Heroism in Lord Jim

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Heroism in Lord Jim

In the heartfelt novel, Lord Jim, Joseph Conrad explores the concept of heroism through the conduct and emotions of Jim, a man who spends his life attempting to seek penance for an act of cowardice he committed as a young officer during the shipwreck of the Patna in the East. Through the eyes of the narrator, Marlowe, the reader sees Jim's internal struggle to repent for his sin as he "jumps" from job to job trying to escape his ominous legacy, eventually landing in the dangerous and isolated community in a native state, Patusan. There he lives contentedly detached and hidden from the Patna until civilization reenters his dome in the form of an evil man, Brown --unveiling Jim's repressed and remote secret by hitting his guilty conscience -- causing Jim's long awaited dark fated death, yet, ending his life with a trace of heroism.

Throughout the novel, Jim internally aspires toward the significant and frequently occurring image, courage. From the very beginning he sees "himself saving people from sinking ships . . . an example of devotion to duty, and as unflinching as a hero in a book" (3).

His thoughts would be full of valorous deeds: He loved these dreams and the success of his imaginary achievements. They had a gorgeous virility, the charm of vagueness, they passed before him with a heroic tread . . ." (12).

Despite this heroic desire, while on the Patna, Jim and five others ironically betray the "savage" men who were "surrendered to the wisdom of white men and to their courage"(10) when they abandon the sinking ship to insure their own safety. Conrad explains this action to be human, a natural response, something any person would have done in his situation. When Marlowe first encounter...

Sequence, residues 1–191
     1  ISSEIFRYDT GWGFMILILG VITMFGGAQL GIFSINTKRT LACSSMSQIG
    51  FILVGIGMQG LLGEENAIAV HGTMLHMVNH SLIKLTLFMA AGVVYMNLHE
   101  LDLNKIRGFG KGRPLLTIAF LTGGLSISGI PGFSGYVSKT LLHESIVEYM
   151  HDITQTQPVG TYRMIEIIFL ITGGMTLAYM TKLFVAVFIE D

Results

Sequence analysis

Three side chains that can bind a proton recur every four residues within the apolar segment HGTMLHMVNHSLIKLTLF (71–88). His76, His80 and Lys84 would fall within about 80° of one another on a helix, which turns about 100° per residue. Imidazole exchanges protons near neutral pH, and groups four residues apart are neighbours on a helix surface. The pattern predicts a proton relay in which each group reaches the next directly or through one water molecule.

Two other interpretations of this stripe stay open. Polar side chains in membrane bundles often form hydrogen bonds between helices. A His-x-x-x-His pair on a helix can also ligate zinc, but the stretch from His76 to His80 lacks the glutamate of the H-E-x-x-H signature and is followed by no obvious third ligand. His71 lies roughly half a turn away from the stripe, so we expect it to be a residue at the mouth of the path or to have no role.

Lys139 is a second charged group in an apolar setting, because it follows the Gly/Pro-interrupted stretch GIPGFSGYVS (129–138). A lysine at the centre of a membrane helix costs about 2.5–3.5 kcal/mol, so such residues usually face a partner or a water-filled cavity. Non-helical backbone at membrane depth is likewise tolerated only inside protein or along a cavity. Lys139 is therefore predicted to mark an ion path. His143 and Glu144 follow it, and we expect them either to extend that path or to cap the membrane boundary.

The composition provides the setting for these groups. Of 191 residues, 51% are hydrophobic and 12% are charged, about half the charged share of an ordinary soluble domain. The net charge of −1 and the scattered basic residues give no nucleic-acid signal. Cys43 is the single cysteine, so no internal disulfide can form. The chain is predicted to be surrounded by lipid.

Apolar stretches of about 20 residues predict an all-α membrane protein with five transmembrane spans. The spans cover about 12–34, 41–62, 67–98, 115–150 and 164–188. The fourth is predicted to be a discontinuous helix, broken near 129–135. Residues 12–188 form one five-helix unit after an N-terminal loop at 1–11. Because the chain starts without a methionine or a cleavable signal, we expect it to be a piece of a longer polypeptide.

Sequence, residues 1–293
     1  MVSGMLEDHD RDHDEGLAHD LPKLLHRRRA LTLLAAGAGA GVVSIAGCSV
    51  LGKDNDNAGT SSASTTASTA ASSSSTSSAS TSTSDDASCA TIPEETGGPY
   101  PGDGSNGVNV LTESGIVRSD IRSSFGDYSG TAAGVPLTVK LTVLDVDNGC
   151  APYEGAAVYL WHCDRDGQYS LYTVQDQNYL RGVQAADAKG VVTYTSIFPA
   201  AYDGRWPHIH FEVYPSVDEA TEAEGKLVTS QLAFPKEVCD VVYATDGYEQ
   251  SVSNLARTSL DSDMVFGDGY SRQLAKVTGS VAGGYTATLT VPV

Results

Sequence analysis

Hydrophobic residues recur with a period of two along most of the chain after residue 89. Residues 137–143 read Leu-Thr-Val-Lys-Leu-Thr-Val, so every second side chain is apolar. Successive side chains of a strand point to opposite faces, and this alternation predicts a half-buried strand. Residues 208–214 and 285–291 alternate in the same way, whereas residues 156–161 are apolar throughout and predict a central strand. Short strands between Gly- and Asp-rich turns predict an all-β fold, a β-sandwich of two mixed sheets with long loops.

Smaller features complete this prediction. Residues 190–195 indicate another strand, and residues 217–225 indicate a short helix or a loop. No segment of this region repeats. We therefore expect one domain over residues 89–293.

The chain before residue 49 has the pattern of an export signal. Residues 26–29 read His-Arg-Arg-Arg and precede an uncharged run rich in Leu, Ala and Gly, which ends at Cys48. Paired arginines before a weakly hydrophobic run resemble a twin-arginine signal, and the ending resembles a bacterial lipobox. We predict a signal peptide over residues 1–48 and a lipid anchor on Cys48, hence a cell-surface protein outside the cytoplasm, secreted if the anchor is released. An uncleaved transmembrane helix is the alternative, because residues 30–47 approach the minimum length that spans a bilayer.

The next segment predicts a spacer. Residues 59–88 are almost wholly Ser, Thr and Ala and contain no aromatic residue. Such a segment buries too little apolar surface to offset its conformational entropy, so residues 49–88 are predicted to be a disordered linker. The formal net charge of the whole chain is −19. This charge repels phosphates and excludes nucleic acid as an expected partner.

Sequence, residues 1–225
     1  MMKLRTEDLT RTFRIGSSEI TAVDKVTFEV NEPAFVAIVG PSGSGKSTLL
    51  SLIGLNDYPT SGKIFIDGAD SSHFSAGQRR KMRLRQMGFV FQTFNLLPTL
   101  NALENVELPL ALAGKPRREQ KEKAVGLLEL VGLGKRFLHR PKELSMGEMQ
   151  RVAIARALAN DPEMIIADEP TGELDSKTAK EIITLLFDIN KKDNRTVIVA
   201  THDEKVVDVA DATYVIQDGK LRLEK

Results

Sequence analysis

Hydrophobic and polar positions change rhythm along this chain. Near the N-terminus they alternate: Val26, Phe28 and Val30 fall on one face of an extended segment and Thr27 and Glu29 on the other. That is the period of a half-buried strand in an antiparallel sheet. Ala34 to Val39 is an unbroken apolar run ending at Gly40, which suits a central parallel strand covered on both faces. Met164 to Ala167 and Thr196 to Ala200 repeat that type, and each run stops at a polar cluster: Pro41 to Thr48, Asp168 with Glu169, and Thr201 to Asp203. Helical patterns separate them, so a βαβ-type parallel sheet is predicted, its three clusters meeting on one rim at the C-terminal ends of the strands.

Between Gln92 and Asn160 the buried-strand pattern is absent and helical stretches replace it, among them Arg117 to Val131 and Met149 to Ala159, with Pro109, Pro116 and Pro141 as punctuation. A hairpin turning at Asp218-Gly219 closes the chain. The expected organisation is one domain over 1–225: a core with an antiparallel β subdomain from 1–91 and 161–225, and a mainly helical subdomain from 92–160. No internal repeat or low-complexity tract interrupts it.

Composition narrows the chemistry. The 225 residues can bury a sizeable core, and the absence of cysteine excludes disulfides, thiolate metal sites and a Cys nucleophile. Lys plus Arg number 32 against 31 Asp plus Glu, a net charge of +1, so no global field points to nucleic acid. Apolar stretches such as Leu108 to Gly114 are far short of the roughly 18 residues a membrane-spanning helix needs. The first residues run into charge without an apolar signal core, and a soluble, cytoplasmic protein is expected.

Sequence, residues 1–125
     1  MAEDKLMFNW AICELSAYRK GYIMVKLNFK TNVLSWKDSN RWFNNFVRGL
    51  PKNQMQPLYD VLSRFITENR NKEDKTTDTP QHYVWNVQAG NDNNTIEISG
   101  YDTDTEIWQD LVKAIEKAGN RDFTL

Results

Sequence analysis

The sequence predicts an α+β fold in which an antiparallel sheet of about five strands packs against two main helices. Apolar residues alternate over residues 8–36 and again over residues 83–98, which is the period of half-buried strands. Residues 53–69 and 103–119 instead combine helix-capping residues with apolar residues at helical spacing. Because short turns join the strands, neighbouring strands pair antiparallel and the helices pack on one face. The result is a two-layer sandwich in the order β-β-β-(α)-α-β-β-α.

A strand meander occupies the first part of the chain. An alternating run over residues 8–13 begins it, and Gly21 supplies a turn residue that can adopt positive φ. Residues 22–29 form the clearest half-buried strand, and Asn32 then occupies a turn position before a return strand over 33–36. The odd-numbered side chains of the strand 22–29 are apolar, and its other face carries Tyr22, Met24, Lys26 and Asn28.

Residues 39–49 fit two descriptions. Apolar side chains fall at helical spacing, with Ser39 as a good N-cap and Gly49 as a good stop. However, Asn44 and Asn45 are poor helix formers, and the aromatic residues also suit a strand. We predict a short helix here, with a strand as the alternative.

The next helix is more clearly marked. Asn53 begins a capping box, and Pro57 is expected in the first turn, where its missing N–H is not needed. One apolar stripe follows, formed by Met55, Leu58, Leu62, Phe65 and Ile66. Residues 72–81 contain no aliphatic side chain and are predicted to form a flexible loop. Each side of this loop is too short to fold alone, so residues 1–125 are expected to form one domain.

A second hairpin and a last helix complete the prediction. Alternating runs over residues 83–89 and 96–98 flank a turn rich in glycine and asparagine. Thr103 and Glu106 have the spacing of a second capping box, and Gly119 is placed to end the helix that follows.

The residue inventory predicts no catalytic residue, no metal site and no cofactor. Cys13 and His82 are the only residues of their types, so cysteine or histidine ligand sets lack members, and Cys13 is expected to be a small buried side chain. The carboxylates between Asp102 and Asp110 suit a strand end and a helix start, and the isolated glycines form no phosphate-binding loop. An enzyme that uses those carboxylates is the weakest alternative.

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...le of bravery. After two years, Marlowe visits the Patusan and meets, or rather upsets, Jim and his companions. Marlowe says that they "know him to be strong, true, wise, brave . . . he was all that . . . he was more . . . he was great -- invincible -- and the world did not want him, it had forgotten him, it would not even know him" (206).

When Jim encounters Brown, a man "not afraid of death" (230), he convinces his friends that Brown is no harm to them because that's what Jim truly believes. Unfortunately, advised and guided by the sneaking Cornelius, Brown had plans to attack the Malays under Dain Waris, Doramin's son. After Dain Waris was killed, Jim understood. "He had retreated from one world, for a matter of an impulsive jump, and now the other, the work of his own hands, had fallen in ruins upon his head" (265). The Malays will never trust Jim again.

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